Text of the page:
Interview by Jane Zwart

Only Connect

A conversation with Zadie Smith.

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I happened to land there in '94, a time of a lot of theory, especially high French theory. All of my ideas about novels—you know, I really thought of them as this kind of "truth and beauty" thing, this kind of life-changing thing—were not in fashion at all. Well, because I'm very easily influenced, I fully got onboard the French theory train and forgot about all that "truth and beauty" stuff. It was only years after, when I wrote this book, that I thought it was quite a brutal experience to have to give up one version of aesthetic pleasure and have to leap into this other, purely intellectual response. So Katie was kind of about that (and, of course, she's a foil to Howard, who takes up so much space in the book).

Let me ask you a question about another young woman in On Beauty, the character Zora (who, it seems, was probably named for Zora Neale Hurston). Even though she's very into "curating her own identity," to borrow a phrase from your commencement speech at the New School, she seems hardly at all interested in questions of her ethnic identity.

No, but what's interesting is that Zora and I became somehow conflated in a lot of people's minds. I realized it when I was at the playground shortly after [On Beauty] came out and one of the other professors at NYU—another mom—came up to me and said, "I didn't know your father taught at Amherst." [laughs] And I said, "My father did not teach at Amherst." I realized she thought that I was a child of academics, that it was all my life. I had written myself into a new family. Like the kind of people I met for the first time in college, I guess: upper-middle-class kids whose parents were writers and artists and intellectuals and journalists. It was just inconceivable for me, that idea, that your parents could be involved in that world. For instance, that you could make art and offer it to them and that they would respond in an intellectual way. My mum certainly reads everything I write now and is really responsive and smart with it—and of course has a degree herself now. But my father never really read me. He read articles about me, but he could never get through any of the novels. So the idea of a father like Howard is something I had to imagine; it wasn't my own reality.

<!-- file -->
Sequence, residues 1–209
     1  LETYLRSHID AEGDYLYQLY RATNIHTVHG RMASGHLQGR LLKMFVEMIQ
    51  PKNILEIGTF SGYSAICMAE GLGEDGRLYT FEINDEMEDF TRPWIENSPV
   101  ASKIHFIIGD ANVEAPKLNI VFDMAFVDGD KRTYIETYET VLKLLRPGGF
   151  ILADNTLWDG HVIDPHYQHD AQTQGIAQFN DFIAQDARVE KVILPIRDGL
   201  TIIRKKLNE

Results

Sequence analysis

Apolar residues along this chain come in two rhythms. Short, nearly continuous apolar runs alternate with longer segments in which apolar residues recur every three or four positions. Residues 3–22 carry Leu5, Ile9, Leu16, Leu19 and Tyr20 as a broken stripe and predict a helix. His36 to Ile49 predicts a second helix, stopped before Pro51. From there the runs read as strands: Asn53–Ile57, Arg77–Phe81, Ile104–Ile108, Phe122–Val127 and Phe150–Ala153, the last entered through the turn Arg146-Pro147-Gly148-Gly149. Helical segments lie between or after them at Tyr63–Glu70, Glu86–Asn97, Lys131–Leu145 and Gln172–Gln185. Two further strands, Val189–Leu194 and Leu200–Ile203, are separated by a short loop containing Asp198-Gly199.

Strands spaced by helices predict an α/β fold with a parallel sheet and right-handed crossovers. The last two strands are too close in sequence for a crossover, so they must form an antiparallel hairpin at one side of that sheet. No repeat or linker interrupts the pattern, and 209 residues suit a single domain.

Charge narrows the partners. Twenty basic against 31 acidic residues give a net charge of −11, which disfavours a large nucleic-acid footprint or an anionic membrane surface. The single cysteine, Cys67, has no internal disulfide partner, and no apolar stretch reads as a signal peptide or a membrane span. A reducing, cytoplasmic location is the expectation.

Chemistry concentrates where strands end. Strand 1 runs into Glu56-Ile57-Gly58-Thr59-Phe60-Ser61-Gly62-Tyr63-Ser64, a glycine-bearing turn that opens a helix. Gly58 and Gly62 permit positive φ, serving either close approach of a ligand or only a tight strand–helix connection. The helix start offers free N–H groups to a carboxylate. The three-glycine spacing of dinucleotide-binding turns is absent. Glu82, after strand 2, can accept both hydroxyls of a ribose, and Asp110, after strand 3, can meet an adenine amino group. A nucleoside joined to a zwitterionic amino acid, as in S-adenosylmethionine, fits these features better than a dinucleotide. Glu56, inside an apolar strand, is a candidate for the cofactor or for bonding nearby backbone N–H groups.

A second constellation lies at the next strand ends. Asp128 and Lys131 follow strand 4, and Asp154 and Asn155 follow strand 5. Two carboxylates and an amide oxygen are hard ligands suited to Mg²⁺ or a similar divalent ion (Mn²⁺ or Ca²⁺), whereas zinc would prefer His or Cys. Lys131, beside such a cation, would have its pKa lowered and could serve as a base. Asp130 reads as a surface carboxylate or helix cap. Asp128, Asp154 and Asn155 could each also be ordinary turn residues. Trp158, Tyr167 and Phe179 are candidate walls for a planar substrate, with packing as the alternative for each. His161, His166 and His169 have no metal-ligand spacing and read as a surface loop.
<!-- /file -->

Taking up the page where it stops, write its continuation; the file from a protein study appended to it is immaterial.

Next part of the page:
Anyway, yes, Zora. When I was an adolescent, I was, I think, very focused on proving that I was British—which tells you something about Britain because I was born there and I have a passport. I shouldn't be needing to prove I'm British to anyone, but that's the way that country works. And Zora is a satirical representation of that part of my personality as a teenager, which I look back on ruefully now because I missed out on a lot. Trying to get other people's approval when I could have been doing something more interesting. My Jamaican heritage—my African heritage—has become much more interesting to me now than the fact that I happen to have a British passport.

So it seems that heritage is something that you've thought about in religious and artistic terms, as well as in ethnic or cultural terms—which is why I wanted to ask you about a claim you made shortly after you had written The Autograph Man: that "much of the excitement of writing a new novel is always in the repudiation of the one written before." What, from White Teeth, does The Autograph Man repudiate?

I think those two books trace a series of religious preoccupations that I was working out. In White Teeth, Islam. I read the Koran, and a lot of the novel came out of that. And then I had these kind of Jewish mystic-y friends from college, and that's really where Autograph Man came from.

But my father died while I was writing the book, too, and my interest in Judaism became less theoretical and more spiritual—to the point where I thought I might even convert. The book itself is a form of idiot's kaddish. It's odd thinking about it now, but it was an obsession for a little while.

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